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18 Aug 2004
Babel-17 - Samuel R. Delaney - Gollancz 2004
* * * *
There are, in essence, two types of SF writer - the tale tellers and the stylists. The tale tellers are those who describe extremely odd things in clear, simple straightforward prose. Their model is the story told around the camp fire, or perhaps the scientific paper. To them, writing is a craft rather than an art. Philip K. Dick and Ursula Le Guin are perhaps the greatest exemplars of this approach, but all the early SF writers - Clarke, Asimov, Heinlein - fall into this category.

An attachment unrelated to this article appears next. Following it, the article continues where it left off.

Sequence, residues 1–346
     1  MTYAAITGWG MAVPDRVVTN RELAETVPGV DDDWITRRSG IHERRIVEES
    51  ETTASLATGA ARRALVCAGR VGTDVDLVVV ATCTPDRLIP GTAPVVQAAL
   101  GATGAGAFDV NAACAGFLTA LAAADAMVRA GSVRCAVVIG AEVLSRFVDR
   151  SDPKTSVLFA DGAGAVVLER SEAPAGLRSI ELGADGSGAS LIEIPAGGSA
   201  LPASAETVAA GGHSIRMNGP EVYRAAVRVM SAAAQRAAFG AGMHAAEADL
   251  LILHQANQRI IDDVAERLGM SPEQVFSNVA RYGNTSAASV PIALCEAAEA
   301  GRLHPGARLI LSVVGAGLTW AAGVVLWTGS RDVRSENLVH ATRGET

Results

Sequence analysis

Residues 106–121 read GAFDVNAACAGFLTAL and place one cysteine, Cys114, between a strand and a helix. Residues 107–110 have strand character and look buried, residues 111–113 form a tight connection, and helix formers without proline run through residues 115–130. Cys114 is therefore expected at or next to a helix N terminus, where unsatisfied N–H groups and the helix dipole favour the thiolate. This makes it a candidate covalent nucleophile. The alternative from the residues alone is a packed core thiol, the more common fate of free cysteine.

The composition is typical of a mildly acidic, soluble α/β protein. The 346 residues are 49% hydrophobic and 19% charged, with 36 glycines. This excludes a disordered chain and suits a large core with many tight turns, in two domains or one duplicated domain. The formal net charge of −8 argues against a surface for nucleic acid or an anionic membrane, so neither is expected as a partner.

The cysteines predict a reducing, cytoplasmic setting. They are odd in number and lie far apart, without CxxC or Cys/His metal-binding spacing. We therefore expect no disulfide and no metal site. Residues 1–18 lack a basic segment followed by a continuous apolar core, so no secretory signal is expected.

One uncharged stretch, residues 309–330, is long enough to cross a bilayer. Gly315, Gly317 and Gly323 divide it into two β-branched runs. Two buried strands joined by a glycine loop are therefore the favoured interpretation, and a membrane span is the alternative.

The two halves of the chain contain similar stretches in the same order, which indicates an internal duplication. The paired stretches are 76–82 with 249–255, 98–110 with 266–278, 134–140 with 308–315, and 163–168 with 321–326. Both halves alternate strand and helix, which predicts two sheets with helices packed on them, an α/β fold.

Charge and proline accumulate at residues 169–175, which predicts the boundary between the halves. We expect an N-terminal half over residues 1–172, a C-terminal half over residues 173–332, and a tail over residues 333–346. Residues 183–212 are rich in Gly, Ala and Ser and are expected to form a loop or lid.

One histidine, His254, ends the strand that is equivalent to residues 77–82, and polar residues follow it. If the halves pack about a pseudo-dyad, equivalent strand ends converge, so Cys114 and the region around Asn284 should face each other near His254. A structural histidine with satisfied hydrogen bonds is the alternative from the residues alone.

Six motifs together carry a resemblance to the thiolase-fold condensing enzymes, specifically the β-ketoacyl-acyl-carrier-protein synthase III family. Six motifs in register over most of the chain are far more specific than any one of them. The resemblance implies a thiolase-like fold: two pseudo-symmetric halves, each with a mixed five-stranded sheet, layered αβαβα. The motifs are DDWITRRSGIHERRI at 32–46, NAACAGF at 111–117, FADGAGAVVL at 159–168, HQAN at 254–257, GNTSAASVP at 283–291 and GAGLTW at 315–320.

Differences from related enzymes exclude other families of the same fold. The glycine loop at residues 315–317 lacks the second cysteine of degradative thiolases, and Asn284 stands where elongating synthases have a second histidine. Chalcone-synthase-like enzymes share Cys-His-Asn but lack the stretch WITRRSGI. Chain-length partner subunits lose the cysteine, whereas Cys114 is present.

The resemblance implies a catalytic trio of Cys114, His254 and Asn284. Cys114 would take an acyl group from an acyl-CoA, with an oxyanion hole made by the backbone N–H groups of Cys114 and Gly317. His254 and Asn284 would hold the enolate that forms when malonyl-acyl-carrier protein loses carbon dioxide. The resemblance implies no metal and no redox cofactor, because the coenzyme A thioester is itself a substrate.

The stylists, on the other hand, believe in being gorgeous. For them, exotic, glittering environments require exotic, glittering prose to match. Most of the cyberpunk brigade, William Gibson foremost among them, are in this group, but one could also include Gene Wolfe (at least in his Book of the New Sun days) and latterly Jon Courtenay Grimwood and John Clute, whose book "Appleseed" is an almost unreadable example of sophisticated prose. But the original stylist, the granddaddy of them all, is Samuel R. Delaney.
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